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Boise Police ban texting while driving

The police department of the largest city in the state is banning texting while driving for its officers on patrol, an interesting move after the Idaho Legislature this year failed to pass such a ban for all Idaho drivers, even with an exemption in it for law enforcement and emergency workers. “There’s growing evidence that texting takes a driver’s eyes off the road for too long, and sadly, already has been a deadly distraction on our roads,” Boise Police Chief Mike Masterson told The Associated Press. “We have to follow the same safety advice we give to the people we serve — do not text and drive.” Click below to read the full story from AP reporter John Miller.


No more texting and driving for Boise officers
By JOHN MILLER, Associated Press Writer

BOISE, Idaho (AP) — The Boise Police Department announced Thursday it is barring employees from using cell phones and other handheld devices to text or e-mail while driving the agency’s vehicles, a move the force says sets a good example for all drivers.

Police in Idaho’s largest city are taking the step three months after the Legislature failed to enact a statewide texting-while-driving ban. At least 29 other states have passed some type of restrictions.

Boise Police Chief Michael Masterson said his employees can still use handheld electronic devices while driving to get GPS information. The ban also won’t prohibit officers from talking on their cell phones while driving, something seen as critical to doing their jobs.

But sending text messages while driving will no longer be in his officers’ arsenal of tools as they try to protect the public.

“There’s growing evidence that texting takes a driver’s eyes off the road for too long, and sadly, already has been a deadly distraction on our roads,” Masterson said. “We have to follow the same safety advice we give to the people we serve — do not text and drive.”

An 18-year-old from southwestern Idaho, Kassandra Kerfoot, died in December after losing control of her car while texting and crashing into oncoming traffic.

Boise police employees were involved in 37 crashes last year while driving 1.7 million miles — fewer accidents than other forces in similar-size cities, the agency said.

None of those accidents involved texting on a phone or other handheld device, either by the employee or the citizen, said Lynn Hightower, a police spokeswoman. There was also no evidence officers were regularly texting while driving, she said.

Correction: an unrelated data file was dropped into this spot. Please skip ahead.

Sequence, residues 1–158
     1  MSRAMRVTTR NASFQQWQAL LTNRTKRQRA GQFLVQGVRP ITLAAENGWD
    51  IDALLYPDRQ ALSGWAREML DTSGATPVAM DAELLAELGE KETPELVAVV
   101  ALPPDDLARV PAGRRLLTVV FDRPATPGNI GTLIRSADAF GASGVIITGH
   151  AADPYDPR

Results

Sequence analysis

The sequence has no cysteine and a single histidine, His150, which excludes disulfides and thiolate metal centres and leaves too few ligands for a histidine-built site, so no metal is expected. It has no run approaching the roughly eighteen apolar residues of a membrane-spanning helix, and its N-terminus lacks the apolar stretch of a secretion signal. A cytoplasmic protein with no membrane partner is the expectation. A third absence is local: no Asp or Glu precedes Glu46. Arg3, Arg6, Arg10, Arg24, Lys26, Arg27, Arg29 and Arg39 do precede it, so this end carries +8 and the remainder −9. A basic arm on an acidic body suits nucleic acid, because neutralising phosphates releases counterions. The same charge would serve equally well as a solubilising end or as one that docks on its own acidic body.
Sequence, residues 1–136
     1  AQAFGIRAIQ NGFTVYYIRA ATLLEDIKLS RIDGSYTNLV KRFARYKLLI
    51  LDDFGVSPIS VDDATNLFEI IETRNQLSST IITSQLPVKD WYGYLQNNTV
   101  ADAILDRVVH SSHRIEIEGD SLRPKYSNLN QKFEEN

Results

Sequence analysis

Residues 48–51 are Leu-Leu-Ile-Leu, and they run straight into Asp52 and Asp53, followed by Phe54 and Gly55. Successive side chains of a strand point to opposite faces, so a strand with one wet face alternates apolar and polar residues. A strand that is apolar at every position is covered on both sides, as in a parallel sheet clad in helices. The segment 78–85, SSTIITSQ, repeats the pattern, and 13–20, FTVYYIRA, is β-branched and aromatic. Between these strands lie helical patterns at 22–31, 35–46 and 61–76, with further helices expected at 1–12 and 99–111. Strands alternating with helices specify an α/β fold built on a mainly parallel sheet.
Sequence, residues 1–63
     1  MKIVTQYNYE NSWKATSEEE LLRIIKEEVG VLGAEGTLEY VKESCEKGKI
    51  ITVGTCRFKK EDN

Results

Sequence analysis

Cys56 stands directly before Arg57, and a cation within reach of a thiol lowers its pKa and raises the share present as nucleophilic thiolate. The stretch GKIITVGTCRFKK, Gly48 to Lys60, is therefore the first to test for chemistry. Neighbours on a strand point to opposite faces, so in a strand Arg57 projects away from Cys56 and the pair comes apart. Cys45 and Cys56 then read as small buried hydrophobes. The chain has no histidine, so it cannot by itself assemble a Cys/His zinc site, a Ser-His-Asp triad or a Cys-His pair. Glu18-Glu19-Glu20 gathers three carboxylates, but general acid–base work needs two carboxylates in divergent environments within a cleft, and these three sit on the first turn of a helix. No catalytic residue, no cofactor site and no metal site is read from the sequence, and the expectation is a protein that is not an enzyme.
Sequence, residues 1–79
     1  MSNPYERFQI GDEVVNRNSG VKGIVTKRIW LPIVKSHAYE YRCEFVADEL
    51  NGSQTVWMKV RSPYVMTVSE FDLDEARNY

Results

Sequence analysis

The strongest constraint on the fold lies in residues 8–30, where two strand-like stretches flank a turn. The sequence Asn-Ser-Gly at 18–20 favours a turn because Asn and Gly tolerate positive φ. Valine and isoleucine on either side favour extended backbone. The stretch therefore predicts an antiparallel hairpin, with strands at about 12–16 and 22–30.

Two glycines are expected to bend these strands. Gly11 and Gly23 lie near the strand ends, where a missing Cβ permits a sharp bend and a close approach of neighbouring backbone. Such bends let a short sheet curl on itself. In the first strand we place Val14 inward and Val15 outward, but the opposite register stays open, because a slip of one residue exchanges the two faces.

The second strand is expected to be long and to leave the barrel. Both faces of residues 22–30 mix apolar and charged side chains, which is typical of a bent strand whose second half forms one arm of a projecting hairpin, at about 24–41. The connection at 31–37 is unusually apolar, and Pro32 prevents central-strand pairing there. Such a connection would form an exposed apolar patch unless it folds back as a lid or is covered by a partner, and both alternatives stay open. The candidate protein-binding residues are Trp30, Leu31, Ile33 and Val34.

“The reason for this policy, which has been under discussion in the department for several weeks, is simply the safety factor,” Hightower said. “The chief considers this a pre-emptive move.”

Like most police agencies, Boise Police Department officers do have computers in their cars; the ban doesn’t cover use of those, Hightower said, adding that the computers don’t have Internet access and have preprogrammed keys that eliminate superfluous typing.

“Those display terminals give officers immediate information about incidents that are on going and that they are en route to respond to,” she said. “That operation is considered one that is critical to the mission of public safety and one that officers are trained to use.”

In March, the Idaho House failed to pass a measure that would have fined people who typed on their mobile devices $50. Chief among its opponents was state Rep. Raul Labrador, an Eagle Republican who is now running for the U.S. House.

He blasted the bill as unenforceable before employing a rare procedural move to block its passage.

Other states, however, have been responding to concerns that texting while driving — especially by teens — is increasingly becoming a traffic hazard. At least 29 other states and the District of Columbia have banned drivers from texting — including some that have restricted police from the practice, too.

Non-emergency Boise city employees are already banned from talking on their cell phones while driving city-owned vehicles, and Boise is considering bolstering that by adding texting prohibitions, too.

“We have a draft under review now,” city spokesman Adam Park said Thursday. “Police represent the greatest number of city drivers. However, we are reviewing our policy for all employees.”

Copyright 2010 The Associated Press.


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Betsy Z. Russell covers Idaho news from The Spokesman-Review's bureau in Boise.

Named best state-based political blog in Idaho for 2013 by The Fix

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